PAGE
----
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If $M$ is a Riemannian manifold with $\Delta $ its Laplacian, how can we define $(1-\Delta)^{1/2}$?

The book I am reading says that $(1-\Delta)^{1/2}$ is an invertible first-order pseudo-differential operator with the inverse $(1-\Delta)^{-1/2}$. Naively, I try to construct $(1+|\xi|^2)^{1/2}$ as its principal symbol, but I cannot find an operator whose square is $(1-\Delta)$.

Another possible way to define $(1-\Delta)^{1/2}$ is to use the spectral decomposition of $1-\Delta$. If $\{\phi_i\}$ is an orthonormal basis of $L^2(M)$ such that $(1-\Delta)\phi_i=\lambda_i\phi_i$, then we should have $(1-\Delta)^{1/2}\phi_i=\lambda_i^{1/2}\phi_i$. But I cannot see why this is a pseudo-differential operator since I cannot check the definition locally.

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There is a general result of Seeley which states that if $A$ is an elliptic, selfadjoint positive scalar pseudo-differential operator of order $k$ on a compact Riemann manifold, then for any $\newcommand{\bR}{\mathbb{R}}$$s\in\bR$ the operator $A^s$ defined by functional calculus is in fact described by an elliptic selfadoint pseudo-differential operator of order $ks$. This is by no means an obvious result.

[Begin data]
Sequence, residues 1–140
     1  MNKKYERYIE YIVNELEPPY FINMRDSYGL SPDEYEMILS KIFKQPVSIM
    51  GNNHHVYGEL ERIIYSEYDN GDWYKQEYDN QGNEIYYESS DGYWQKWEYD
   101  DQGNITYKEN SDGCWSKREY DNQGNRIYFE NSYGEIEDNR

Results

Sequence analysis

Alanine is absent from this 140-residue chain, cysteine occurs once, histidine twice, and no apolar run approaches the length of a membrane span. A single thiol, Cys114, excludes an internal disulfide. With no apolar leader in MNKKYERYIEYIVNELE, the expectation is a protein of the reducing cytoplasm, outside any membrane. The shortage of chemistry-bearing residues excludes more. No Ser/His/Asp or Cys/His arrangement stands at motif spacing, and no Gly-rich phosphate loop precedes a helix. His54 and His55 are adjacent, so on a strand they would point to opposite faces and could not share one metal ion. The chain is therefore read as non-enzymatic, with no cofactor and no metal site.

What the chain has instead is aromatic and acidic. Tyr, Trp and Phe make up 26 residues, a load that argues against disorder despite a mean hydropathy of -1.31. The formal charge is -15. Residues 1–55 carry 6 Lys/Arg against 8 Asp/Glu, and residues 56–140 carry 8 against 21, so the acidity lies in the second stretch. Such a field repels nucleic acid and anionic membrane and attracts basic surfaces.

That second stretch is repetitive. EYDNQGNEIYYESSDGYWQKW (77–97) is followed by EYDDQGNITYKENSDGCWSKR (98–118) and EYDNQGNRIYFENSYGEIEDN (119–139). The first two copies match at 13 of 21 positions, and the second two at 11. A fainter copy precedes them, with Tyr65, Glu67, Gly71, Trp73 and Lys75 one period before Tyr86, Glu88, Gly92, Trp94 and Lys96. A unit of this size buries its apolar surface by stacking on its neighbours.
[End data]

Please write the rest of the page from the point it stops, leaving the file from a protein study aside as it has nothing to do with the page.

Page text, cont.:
The special case you are interested in is simpler and for a proof I refer to page 298 in the book

M.Taylor: Pseudodifferential operators, Princeton University Press, 1981.

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You are done once you know that you have a functional calulus for the Laplace-Beltrami operator on $M$. For this, show that it is self-adjoint and has nonpositive spectrum (there are various ways to do it, using different prerequisites). Once you have that, you define the mentioned operator via functional calculus.

\Edit: I forgot that you also wanted to know that it is a pseudo-differential operator, which is not as obvious.

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Here is a functional calculus that comes in handy very frequently: in more generality, if $A$ is a sectorial operator with angle $\omega$ on a Banach space $X$ and $0 < \alpha < 1$, then $$A^\alpha u = \frac{\text{sin}\alpha\pi}{\pi}\int^\infty_0t^{\alpha - 1}(t + A)^{-1}Au dt$$ for all $u$ in the domain of $A$.

In particular, it is known that on a Hilbert space $H$, a self-adjoint dissipative operator $A : \mathcal{D}(A) \subset H \longrightarrow H$ is sectorial with $\omega = 0$. See the online notes by M. Haase for all the relevant definitions and more.

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